Lithuanian is also seeking to add an additional declaration to the negotiations mandate to compensate for the damages incurred by the persons deported from the occupied Baltic countries. Ensuring such support to the deported persons was one of the international commitments Russia undertook when it joined the Council of Europe.
Lithuania does not impose demands on Russia. It urges the EU to protect Lithuania’s interests, the same way it protects the interests of other EU members. Lithuania is not trying to change Russia, it is impossible, it simply tries to change the EU attitude towards Russia, in sake of the EU.
The another point is that Lithuania is a Member State, the same as Germany, France, Italy, Cyprus, Greece, Poland or Ireland who are also defending their interests by blocking decision making. However, Lithuania is standing not only for the ‘meet’ as the Poles did, but for the values of justice.
Lets see how it will go.
Adamkus interview to the Swedish SR. Updated – ’We will try to expand lifespan of the old Ignalina nuclear plant’
The main topic of the interview was a closure of the Iganalina Nuclear pant. However, the president stated that there are signs that the European Union may consider Lithuania’s request to extend operation of the Ignalina N-plant after year 2009, by which time the plant should have been closed.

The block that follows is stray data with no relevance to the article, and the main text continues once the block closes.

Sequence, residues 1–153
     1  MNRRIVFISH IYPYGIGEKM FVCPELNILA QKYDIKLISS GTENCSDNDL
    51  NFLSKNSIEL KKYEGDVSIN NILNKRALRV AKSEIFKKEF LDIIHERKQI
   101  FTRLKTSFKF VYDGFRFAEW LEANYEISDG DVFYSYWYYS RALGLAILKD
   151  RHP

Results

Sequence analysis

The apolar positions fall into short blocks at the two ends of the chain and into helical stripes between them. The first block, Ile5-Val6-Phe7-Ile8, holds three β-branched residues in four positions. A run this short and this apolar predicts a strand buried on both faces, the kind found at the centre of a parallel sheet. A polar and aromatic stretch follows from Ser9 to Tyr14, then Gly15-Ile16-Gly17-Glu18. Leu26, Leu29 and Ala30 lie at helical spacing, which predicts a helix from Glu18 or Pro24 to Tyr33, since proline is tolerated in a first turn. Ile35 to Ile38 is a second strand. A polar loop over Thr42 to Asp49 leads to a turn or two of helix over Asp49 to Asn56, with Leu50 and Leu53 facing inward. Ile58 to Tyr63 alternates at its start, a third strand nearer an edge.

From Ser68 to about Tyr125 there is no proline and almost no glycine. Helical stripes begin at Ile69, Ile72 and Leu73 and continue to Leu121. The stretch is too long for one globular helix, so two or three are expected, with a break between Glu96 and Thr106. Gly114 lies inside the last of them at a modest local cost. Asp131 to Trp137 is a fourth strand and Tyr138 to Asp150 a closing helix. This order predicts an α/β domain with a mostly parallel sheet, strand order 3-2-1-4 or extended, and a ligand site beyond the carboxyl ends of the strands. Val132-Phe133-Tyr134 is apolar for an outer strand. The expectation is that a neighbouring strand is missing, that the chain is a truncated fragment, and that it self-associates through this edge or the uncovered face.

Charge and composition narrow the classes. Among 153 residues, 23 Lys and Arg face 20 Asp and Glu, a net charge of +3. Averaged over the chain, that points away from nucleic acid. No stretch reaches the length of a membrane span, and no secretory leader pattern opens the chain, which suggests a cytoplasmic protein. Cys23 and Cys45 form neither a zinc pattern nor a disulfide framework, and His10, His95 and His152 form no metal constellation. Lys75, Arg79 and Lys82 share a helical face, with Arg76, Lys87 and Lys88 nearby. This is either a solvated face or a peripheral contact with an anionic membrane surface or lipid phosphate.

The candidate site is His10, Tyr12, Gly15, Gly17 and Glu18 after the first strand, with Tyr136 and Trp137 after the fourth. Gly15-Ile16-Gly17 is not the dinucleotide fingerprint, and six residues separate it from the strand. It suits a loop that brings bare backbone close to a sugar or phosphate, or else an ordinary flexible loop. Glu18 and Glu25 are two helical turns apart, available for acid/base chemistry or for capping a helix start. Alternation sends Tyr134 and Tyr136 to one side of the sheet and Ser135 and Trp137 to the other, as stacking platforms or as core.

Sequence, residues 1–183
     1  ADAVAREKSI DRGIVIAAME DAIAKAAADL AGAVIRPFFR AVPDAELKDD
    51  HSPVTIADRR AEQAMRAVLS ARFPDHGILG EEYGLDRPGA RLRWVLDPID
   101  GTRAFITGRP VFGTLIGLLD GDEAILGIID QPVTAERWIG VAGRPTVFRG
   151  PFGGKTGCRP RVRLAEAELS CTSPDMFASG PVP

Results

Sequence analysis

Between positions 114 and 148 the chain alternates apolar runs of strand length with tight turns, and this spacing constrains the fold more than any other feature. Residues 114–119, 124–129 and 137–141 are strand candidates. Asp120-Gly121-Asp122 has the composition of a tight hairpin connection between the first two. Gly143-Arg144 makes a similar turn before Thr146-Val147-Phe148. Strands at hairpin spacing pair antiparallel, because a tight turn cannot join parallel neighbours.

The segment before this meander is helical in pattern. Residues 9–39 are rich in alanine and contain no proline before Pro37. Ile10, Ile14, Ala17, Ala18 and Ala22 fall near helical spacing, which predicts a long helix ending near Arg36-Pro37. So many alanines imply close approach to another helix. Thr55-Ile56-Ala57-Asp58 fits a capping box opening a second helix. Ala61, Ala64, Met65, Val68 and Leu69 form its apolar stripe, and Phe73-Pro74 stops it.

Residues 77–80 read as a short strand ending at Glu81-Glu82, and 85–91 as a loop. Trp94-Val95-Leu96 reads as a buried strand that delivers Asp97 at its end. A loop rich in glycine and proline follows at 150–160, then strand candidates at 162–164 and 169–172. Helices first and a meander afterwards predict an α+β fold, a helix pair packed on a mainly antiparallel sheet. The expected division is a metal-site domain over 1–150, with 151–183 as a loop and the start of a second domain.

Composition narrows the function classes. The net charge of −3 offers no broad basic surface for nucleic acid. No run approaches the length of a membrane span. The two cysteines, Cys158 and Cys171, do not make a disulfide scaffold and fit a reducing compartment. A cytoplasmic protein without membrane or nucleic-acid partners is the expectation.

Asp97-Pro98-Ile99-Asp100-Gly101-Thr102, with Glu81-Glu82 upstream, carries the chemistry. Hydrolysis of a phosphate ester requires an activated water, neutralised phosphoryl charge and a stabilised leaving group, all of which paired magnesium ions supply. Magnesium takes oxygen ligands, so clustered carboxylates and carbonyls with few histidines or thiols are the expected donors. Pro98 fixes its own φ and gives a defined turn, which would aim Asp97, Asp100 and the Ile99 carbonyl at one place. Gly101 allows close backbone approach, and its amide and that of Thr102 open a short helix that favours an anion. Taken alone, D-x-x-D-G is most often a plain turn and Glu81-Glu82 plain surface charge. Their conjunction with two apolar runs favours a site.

As the BNS noted the President said that “I’ve heard very encouraging first signals that they (EU – BNS) are considering reviewing some clauses. (…) Probably in the interest of Lithuania’s request, should it be submitted. (…) We can at the least start a dialogue”,.
The Lithuanian President said he sees no reasons why governments of other Baltic Sea region countries wouldn’t back Lithuania’s wish to extend the operation of the Ignalina N-plant. In the opinion of Adamkus, such actions would be egoistic and illogical.
Furthermore, Adamkus emphasized that the period between year 2009 and the time when the new N-plant – still in planning stage – would begin operations, would be of detriment to the development of Lithuania and the entire region and would further digress the country from European economic standards.
After the closing of the Ignalina N-plant, Lithuania would be at a shortage of 1.4 b kilowatt electrical power per year.